Back in April 1996, I wrote in a column titled, “Regarding Women In This Field,” because I just wanted to express my frustration with the male-dominated building industry and the lack of a sufficient and equal number of women to work with. Since then, I have come back to the topic on a few occasions in this column.

Recently, someone who is very close to me commented that I seem to work with a lot of woman in this industry, and that got me thinking. First, my response to her was that at this point in my career I have managed to selectively work with only those clients I enjoy working with. That said, more than half my clients are woman, and I believe that is because I believe these specific women are very knowledgeable, good communicators, are continuously looking to learn more, and can be counted on to follow through with their job responsibilities.

So with this topic in my head, I set out to do a small, informal, and unofficial survey to be completed by several women regarding the following questions:


•Do you have a preference as to working with a man or a woman where you have an important role in the project, and if so, why that preference?

•What are a supervisor’s necessary skills and characteristics that make your job more productive and more enjoyable, and why?

•Do you have a preference whether your boss is a man or a woman, and why?


From the feedback I received, I was surprised that while women believe they have to truly prove they have the knowledge and credibility to do the job, and that women receive less money for the same work men do, the majority of those surveyed indicated they preferred their boss be a man. I’m not sure why that is, if all these great guy-bosses aren’t making sure salaries are equitable. However, the consensus was that women working for a woman can be a problem for the boss-woman. My feeling on this is that it is always tough to be the boss because you are often second-guessed by those you manage (they just may not tell you). For a woman in a leadership role, I have to believe that she had to first exceed expectations compared to a man to get into the same position. This is analogous to the baseball saying, “The tie goes to the runner … unless the runner is a woman.”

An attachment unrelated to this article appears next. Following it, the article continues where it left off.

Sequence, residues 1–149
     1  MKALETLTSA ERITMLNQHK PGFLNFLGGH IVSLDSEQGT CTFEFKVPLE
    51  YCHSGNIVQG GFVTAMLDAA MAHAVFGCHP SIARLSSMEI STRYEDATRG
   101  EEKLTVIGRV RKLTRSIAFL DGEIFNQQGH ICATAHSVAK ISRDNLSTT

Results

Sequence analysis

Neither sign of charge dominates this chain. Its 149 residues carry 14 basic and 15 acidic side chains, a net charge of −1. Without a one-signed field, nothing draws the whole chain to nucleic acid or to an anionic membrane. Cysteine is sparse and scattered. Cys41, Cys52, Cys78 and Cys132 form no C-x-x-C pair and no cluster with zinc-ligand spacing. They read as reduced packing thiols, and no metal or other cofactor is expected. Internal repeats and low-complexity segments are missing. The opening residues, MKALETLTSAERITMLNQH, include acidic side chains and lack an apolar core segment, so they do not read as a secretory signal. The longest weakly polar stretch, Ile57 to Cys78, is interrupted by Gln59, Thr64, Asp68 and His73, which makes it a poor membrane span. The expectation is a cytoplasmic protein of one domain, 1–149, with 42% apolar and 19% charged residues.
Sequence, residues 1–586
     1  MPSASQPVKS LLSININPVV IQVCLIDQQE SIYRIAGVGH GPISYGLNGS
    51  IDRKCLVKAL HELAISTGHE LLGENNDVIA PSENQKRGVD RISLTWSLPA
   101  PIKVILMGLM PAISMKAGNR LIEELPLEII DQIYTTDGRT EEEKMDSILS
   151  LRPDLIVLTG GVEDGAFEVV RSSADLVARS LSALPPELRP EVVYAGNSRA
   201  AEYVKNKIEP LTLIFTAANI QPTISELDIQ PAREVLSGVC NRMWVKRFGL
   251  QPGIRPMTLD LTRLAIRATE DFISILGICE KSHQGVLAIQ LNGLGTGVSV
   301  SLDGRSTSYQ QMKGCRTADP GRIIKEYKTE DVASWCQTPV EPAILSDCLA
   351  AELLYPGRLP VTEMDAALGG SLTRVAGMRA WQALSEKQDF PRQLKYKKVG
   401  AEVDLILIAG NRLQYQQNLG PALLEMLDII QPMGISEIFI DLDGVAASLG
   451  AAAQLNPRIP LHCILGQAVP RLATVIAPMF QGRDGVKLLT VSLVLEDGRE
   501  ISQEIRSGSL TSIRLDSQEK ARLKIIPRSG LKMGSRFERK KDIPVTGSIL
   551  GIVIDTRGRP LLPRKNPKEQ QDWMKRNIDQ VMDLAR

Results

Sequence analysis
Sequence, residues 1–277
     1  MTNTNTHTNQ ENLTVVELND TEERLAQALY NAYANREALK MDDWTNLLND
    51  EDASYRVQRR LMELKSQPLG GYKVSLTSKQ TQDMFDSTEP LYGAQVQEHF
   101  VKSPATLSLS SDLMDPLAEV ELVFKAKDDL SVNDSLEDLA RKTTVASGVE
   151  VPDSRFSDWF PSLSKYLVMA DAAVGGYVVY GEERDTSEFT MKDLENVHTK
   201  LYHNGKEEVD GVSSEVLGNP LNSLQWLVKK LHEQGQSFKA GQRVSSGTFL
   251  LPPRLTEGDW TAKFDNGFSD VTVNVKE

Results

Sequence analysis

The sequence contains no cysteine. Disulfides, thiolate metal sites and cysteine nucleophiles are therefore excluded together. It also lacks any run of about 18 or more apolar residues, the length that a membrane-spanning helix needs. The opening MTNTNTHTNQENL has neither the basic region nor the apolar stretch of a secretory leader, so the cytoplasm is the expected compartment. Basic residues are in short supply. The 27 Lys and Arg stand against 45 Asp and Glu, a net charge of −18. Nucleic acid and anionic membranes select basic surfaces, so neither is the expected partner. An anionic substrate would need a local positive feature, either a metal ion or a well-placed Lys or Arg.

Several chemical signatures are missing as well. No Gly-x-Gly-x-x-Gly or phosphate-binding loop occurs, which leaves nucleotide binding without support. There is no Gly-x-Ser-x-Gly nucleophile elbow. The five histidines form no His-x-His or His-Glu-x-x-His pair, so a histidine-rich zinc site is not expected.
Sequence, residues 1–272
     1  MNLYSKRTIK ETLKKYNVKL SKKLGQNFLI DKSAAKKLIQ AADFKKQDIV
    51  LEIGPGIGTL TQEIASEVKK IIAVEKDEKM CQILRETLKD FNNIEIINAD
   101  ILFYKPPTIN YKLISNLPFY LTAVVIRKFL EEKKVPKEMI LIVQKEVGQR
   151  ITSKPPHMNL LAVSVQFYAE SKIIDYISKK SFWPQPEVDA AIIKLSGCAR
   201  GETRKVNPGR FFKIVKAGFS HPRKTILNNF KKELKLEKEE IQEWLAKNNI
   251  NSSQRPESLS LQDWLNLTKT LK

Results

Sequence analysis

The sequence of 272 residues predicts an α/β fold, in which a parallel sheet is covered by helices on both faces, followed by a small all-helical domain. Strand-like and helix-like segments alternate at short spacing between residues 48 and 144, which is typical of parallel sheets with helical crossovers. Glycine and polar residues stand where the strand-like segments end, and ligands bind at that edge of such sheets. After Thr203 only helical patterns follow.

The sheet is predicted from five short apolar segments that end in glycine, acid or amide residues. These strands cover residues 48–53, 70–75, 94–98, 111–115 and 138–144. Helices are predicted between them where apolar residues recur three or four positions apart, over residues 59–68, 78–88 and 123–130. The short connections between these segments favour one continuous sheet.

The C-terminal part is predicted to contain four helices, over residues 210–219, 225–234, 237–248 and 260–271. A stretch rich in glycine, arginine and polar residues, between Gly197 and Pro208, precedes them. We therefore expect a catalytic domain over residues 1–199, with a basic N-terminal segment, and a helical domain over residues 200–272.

From the responses, I’ve put the following skills and characteristics in order of importance:


•Individuals must maintain good communication between project team members, as well as must maintain good communication between boss and worker(s).

•Individuals must be challenged by the project team leader, as well as by the boss on a regular basis, and this leader/boss be a great mentor.

•Individuals, as well as the boss, must stay current with the ever-changing technology and on how business is performed.

Only one woman noted a characteristic that I believe, as someone who has been a boss, is critical to an individual’s success, whether working on a project or as the boss: The person in question must know when and how to delegate and do so with confidence. No one person can do it all, so being able to delegate is critical to a successful project and/or managing people. Now look around your office and see how many women are busy at work and in responsible charge.

In sync with The One Minute Manager by Blanchard and Johnson, catching someone doing something right is critical to the workplace environment. Several of the women surveyed indicated the following:


• Recognize positive results

• Praise when due

• Provide constructive criticism

• Address negative issues


While I have worked with and managed numerous men over the past 45 years, I still can’t figure out how we men cannot see the value of women in the workforce. For me, every woman I worked with on projects, as well as managed during my career, has met her job commitments; most have exceeded my expectations when it came to completing a job. Each individual has delivered on such topics as providing a creative solution to a problem, providing a time-managed response that surpassed my 24-hr meeting minutes rule, and providing a better engineered solution that what I would have considered.

I find an intensity among women working in the building industry that men don’t have, and this is probably due to the fact that many women believe they must establish their presence. To this point, I say actions speak louder than words, and so I gauge an individual’s performance including skill level, commitment, ability to communicate to others, and the ability to be profitable. Regarding these characteristics/traits, I simply find the majority of women speak through their actions, while men tend to talk a lot without delivering through action. ES